Study of red pigments from the 'Genyornis' panel, Arnhem Land, Australia: what are the origins of the haematite?[Etude des pigments rouges du panneau du 'Genyornis' Terre d’Arnhem, Australie: origines de l’hématite?]
Study of red pigments from the 'Genyornis' panel, Arnhem Land, Australia: what are the origins of the haematite?[Etude des pigments rouges du panneau du 'Genyornis'
|ERA Journal ID||7989|
|Authors||Chalmin, Emilie (Author), Castets, Geraldine (Author), David, Bruno (Author), Barker, Bryce (Author), Delannoy, Jean-Jacques (Author), Lamb, Lara (Author), Geneste, Jean-Michel (Author), Soufi, Faycal (Author), Pairis, Sebastien (Author), Hoerle, Stephane (Author), Boche, Elisa (Author) and Katherine, Margaret (Author)|
|Journal Title||Anthropologica et Praehistorica: bulletin de la Societe Royale Belge d'Anthropologie et Prehistoire|
|Number of Pages||22|
|Place of Publication||Belgium|
Western Arnhem Land’s rock art is world famous yet very poorly dated. Understanding its history over tens of thousands of years has major implications for understanding Aboriginal cultural history in Australia. In particular, very little is known about the composition of paints and the techniques used to make Rock Art. Here we investigate the pigments and rock surfaces of an undated rock painting that has been argued in the literature to represent the extinct megafaunal bird Genyornis newtoni, thought to have become extinct across Australia 40-45 000 years ago. Small flakes of pigmented and unpigmented rock were sampled from the so-called ‘Genyornis’ panel in order to address three major questions concerning: i) the constituents of the pigments used and their modes of preparation (mixing with extender(s) or binder(s); grinding; heat treatment); (ii) the geological formations which provided such pigments; and (iii) the antiquity of paintings on the rock walls. Following macroscopic observations, pigment compositions were analyzed by scanning electron microscopy coupled with energy-dispersive X-ray spectrometry (SEM-EDX) and Raman microspectroscopy. Complementary structural information was obtained using X-ray diffraction (XRD). Both unprepared samples and cross-sections of resin-embedded samples were analyzed to obtain morphological, chemical and structural characterizations.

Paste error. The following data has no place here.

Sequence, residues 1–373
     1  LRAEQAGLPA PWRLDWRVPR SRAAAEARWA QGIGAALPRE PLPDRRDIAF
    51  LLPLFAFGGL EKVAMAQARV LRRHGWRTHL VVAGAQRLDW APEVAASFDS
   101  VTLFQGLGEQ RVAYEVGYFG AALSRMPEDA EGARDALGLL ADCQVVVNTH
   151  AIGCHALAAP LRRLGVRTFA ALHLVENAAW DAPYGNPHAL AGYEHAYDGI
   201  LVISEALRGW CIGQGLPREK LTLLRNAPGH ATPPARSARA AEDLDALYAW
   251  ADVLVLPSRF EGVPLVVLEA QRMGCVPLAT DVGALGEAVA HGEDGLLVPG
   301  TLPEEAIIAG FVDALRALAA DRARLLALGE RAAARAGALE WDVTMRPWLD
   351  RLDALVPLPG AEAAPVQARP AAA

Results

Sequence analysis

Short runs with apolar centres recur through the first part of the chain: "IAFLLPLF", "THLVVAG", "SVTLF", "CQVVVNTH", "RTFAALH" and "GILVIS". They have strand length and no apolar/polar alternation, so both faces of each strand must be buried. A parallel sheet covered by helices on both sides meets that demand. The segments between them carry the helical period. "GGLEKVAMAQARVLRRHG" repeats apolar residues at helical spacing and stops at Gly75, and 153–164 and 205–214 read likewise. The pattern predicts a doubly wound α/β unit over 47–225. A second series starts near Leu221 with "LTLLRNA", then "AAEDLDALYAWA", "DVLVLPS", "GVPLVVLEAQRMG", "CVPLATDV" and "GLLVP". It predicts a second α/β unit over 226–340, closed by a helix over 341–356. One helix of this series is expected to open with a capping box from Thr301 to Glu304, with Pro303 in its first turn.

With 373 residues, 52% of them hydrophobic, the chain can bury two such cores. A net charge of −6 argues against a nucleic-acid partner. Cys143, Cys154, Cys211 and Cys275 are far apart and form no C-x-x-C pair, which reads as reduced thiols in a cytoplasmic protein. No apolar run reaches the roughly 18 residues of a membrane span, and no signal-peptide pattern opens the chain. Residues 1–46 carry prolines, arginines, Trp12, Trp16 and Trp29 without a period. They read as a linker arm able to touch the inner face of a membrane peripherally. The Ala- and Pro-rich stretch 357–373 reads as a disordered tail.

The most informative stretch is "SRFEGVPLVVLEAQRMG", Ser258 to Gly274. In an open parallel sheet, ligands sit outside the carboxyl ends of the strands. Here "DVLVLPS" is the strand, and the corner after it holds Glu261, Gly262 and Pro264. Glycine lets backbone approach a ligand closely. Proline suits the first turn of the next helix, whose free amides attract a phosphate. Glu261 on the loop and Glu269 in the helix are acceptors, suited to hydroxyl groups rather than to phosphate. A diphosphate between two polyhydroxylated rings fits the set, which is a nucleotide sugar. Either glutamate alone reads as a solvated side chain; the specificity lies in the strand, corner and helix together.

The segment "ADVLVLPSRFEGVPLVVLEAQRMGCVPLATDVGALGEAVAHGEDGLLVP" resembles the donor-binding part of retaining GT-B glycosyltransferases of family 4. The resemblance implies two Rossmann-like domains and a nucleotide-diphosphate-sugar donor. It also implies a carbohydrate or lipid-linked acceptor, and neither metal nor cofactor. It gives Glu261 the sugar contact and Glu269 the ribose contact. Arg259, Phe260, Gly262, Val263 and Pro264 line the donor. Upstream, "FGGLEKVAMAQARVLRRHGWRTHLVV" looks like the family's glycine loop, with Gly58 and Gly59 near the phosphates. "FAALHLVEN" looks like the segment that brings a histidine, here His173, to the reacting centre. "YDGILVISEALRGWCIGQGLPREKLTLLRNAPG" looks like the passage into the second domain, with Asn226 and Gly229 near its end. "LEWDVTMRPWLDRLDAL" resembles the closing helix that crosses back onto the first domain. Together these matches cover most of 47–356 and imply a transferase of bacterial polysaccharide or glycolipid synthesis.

Iron oxides (hematite Fe2O3 and goethite FeOOH) were identified in the paint layer. A white alumino-phosphate-rich matrix was identified as a weathering, microstratigraphically basal bedrock layer on the rock wall. The punctual presence of gypsum (CaSO4, 2H20) was observed as an underlayer below the pigment and could be explained by the weathering process of the quartzite support.
This study highlights the difficulty of obtaining information on ancient pigments significantly modified through time in a relatively open site and distinguishing poorly crystallized iron oxides, which result from the weathering of rocks and the sub-micronic iron oxide crystals in the leached paint layer.
|Keywords||rock art, red pigment, Jawoyn, Arnhem Land (Australia), physico-chemical analyses, weathering processes|
|ANZSRC Field of Research 2020||370399. Geochemistry not elsewhere classified|
|450101. Aboriginal and Torres Strait Islander archaeology|
|430101. Archaeological science|
c. 2016 Anthropologica et Praehistorica.
|Byline Affiliations||Savoy Mont-Blanc University, France|
|School of Humanities and Communication|
|University of Bordeaux, France|
|Grenoble Alpes University, France|
|Jawoyn Association Aboriginal Corporation, Australia|
|Institution of Origin||University of Southern Queensland|
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